We are constantly receiving sensory information, of all kinds - sounds, smells, sights and so on - the interesting part is how we selectively filter them in our awareness. Shifting focus between one or another and then perhaps experimenting with a dual or multi-awareness. This can of course lead to a sensory overload and it is important to remember you can always take a step back! For me, the difficulty was in letting go. Enjoying where the moment takes you, no matter where it originates from. It is hard to let go in a class situation. You are surrounded by peers and often have limited space to move fully. You are also more than likely being encouraged and observed by a teacher or lecturer. Being able to let go of the feeling that you should be moving a certain way and instead just allowing movement to happen is one of the key skills to be aware of and is a continuous process of learning and adapting.

 Cellular Breathing

 This idea of letting go and of melting, sinking into the floor as it rises up to support you are by now very familiar. This pattern however offers another layer of awareness. Bringing the knowledge of all my trillions of cells into my conscious awareness brought a greater sense of heaviness, of density, weight and volume. It reminded me of my 3D self, my solidity - as well as my fluidity. It reminded me of the time I spent last year in Performance Projects with Matthias Sperling. One of his favourite reminders for us while moving was to keep all our trillions of cells together - to not leave any behind us in the space. This pattern also gave me a sense of pouring weight between the cells as I move - perhaps rolling and shifting a bean bag is a reasonable image for this sensation.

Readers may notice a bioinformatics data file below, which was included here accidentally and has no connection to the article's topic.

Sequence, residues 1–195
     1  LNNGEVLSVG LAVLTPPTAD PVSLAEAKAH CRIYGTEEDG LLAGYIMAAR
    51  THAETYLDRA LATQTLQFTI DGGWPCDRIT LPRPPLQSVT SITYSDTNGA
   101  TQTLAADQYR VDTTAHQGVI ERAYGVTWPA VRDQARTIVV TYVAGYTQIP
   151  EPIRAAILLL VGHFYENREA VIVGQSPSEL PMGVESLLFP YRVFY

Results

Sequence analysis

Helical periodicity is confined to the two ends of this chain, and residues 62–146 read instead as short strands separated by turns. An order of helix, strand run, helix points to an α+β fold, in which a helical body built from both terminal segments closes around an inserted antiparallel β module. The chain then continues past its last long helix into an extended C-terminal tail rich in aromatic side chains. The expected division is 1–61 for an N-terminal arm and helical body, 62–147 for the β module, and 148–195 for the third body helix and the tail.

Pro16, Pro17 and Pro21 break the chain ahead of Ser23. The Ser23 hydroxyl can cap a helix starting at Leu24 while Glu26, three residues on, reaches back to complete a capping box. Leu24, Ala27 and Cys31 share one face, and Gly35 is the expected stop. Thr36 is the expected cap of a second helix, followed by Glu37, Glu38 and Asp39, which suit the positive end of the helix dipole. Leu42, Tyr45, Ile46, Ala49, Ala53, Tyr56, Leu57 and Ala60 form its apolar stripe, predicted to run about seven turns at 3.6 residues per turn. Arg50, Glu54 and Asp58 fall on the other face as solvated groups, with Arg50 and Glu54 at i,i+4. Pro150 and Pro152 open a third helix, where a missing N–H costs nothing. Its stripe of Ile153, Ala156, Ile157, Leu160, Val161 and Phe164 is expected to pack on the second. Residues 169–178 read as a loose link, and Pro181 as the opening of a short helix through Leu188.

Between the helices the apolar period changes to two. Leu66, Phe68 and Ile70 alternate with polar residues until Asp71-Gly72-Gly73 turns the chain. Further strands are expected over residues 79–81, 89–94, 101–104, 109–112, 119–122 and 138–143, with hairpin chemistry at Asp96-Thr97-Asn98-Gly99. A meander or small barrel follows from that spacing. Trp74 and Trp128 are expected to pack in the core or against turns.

Naval Radiation Pattern - The Starfish

 Like many people, I found this pattern the easiest to access. Perhaps because it appeals to my sense of symmetry and energy flow and centre awareness. The different sense of movement and proprioception it brings to my awareness is interesting coupled with an understanding of connectivity and integration of the whole self. We all build up movement patterns and our own movement style but it is sometimes useful to remember the equality of all 6 limbs of the body. Centre and periphery, core and distal movement. The image that I enjoyed most with this pattern is that it is not a one-directional flow of energy but an exchange of energy, a conversation with the environment immediately around us.

 Mouthing Pattern - Sea Squirt

From the start of working with this movement pattern I was immediately aware of its deep emotional and instinctual connections. At first I thought I would turn away from the offered touch close to my mouth, however after a while I found it comforting and relaxing despite the intimacy of the process. The benefits of this pattern are very relevant for me I think, in reminding me that the spine is not our only form of vertical support. We have a much softer, fluid centre line through our digestive system that can also offer us support and guide us to a less rigid sense of movement.